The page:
The advertisement does not state what is working and what is not, I assumed it was in perfect working order and well taken care of reading the lay out of the ad Of course I knew it was not a new car So I called the guy to arrange negotiations, he did not want to disclose the vehicle in his property, instead he wanted us to meet near a local business of his choice Once we met he talked to me right away about the car and kept repeating himself at times, then proceeded to test drive the car and had me convinced it was running smoothly because somehow I agreed with him... even tho the engine would wobble the whole time... So then I gave him the cash in envelope and decided to put gas in the vehicle when I noticed other things he did not mention which would have been important for me deciding if I wanted the car or not Basically he told me the car needed no fixing except for maintenance, I was losing hope in those 5 minutes of transition while pumping gas so I called him back telling him I had second thoughts, he then blew me off and that's when I decided to go to a mechanic right away, then I was told the vehicle had major problems that needed fixing asap I was almost at tears and my wife devastated that people like this existed Repair cost are the same as what I paid for the car Now I am at a loss, my wife threats to drop out of all her classes I feel like he scammed us for what the cars really worth and me being dumb to fall for it, Is there anything I can do? I am willing to pay $2,000 for lawyer fees if necessary no problem, just want this guy to know we can do something about his Fraud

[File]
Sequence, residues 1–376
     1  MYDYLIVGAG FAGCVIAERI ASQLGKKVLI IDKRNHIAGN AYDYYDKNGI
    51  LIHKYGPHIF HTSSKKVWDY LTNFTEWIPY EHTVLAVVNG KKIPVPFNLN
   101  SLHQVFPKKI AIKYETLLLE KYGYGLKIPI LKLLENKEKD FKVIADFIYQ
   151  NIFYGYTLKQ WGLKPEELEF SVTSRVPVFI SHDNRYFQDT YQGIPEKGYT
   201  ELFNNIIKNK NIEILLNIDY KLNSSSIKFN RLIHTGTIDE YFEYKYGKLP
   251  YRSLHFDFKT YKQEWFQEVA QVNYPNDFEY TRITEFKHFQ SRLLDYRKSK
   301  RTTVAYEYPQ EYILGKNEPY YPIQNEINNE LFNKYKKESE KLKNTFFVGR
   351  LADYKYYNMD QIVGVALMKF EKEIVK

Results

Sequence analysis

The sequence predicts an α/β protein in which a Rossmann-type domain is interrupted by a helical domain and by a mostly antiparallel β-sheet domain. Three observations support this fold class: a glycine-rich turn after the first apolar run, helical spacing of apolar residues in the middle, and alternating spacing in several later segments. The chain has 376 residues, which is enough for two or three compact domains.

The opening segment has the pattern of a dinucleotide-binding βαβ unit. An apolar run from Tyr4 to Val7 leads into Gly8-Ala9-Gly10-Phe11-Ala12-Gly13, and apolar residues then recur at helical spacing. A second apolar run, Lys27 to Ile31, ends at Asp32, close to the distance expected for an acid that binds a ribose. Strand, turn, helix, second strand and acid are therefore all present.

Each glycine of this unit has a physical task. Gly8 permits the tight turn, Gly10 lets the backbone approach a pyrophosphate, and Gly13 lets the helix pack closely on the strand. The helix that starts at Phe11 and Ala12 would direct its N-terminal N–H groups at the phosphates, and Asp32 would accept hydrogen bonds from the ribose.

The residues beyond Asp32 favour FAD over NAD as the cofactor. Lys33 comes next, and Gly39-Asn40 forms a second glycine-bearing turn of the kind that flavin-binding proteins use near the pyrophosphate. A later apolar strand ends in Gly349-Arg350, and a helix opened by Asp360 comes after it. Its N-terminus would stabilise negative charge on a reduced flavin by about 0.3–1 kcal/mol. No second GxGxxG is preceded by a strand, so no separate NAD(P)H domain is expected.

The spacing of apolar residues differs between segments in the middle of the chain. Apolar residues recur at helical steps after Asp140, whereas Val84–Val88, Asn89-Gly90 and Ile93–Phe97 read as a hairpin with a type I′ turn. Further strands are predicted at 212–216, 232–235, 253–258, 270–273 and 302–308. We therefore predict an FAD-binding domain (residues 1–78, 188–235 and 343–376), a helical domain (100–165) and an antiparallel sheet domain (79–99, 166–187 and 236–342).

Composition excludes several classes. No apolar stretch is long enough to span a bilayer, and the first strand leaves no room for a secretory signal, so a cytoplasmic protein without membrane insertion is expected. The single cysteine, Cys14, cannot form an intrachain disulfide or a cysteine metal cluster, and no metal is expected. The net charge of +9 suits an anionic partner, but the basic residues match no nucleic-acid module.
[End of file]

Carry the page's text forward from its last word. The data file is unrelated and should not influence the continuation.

If you read all this you don't know how thankful I am to know there's hope for people in my situation. Just trying to put as much detail as possible, I don't think I can sleep until I find the answer I need but can provide more info if I missed out anything that may seem important -Any input really would put me at much more ease and my wife as well

  • dkstaub
    replied
    Whether fraud exists is always a question of fact, and your facts are not particularly strong in your favor. Even if the car is in terrible shape, the seller only committed fraud if he made statements that he knew were untrue when he made them and you reasonably relied on those untrue statements to your detriment.